Almost a year ago, Gemma Tao Greenspan was born, and I became a grandmother. I also became the person you couldn’t trust to remember a thing about her own child’s life. When my daughter-in-law, Linling Tao, called to ask when Joshua, my son and her husband, first slept through the night, I didn’t know the answer and couldn’t guess at it. First step? I think it was 11 months. First real food? I don’t remember. I hope it wasn’t cookies, but it might have been. I remember that he did a terrific imitation of a flamingo at 15 months — I know this because we recorded it on our video camera, which weighed almost as much as I did. But did he like green beans? Cod? Chicken livers? Chicken livers! I never thought to make them for Joshua, but I probably should have — all that iron would have been good for him. Taking care of a baby was so full time, so all-everything for me that I couldn’t imagine I’d ever forget a minute of Joshua’s life. But I was wrong.
In some ways, not remembering multiplies the wonder of seeing my granddaughter discover everything for the first time. Gemma started with congee seasoned with ginger, scallions and sesame oil, and then her mom floated bits of vegetables, fish and chicken in the soup. She had a brief flirtation with sardines and oatmeal, and has a continuing affection for very sour yogurt and croissants — flaky, buttery and so easy for baby fingers to grasp and pull apart. She can be fickle, eating something one day and rejecting it the next, but so far her love of strawberries is steady.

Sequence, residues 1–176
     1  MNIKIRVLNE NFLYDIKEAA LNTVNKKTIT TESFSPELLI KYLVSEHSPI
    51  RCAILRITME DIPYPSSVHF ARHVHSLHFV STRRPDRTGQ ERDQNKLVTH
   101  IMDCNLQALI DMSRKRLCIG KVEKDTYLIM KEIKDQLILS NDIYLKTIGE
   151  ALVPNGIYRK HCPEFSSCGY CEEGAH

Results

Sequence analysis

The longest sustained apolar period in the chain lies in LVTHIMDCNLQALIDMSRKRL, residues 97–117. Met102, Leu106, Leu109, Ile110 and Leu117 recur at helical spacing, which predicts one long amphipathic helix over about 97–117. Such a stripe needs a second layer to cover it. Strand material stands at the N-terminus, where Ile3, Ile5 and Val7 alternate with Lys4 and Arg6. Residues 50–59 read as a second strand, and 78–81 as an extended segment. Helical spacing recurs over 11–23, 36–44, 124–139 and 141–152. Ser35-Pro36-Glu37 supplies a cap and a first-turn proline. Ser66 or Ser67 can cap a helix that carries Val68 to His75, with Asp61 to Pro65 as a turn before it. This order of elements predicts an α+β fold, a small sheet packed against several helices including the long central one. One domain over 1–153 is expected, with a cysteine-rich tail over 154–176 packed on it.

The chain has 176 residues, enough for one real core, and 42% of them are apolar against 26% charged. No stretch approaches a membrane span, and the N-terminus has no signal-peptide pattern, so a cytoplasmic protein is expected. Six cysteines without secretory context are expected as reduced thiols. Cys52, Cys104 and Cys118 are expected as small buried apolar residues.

Whether she likes cake remains to be seen. She hasn’t had any sugar yet — her parents are saving that taste for her 1st birthday and the cake that I’ll make for her. When it comes to 1st-birthday cakes, my memory is flawless: I didn’t make one for Joshua. We had a big party, and I made the wonderful, boozy, coconut gâteau d’Hélène, a Simone Beck recipe, for the grown-ups and butter cookies for the kids. And so this upcoming celebration cake is a jumble of things for me — I’m moved that my family wants me to make it, and I’m anxious about doing it right. A 1st birthday is a milestone, and the cake is a marker.
I thought about chocolate because I always think about chocolate, but I wanted something brighter for this summer birthday. I had an idea for a shortcake, which I imagined as a tall cake with many layers and a lot of whipped cream; I gave it up when I realized that this was going to be an outdoor party in New York City in August, a potentially muggy month. I thought of classic cupcakes, a natural for a child’s party and something I used to make with Joshua, then decided against them too: I liked the echo with his childhood, but I wanted something that would be all hers.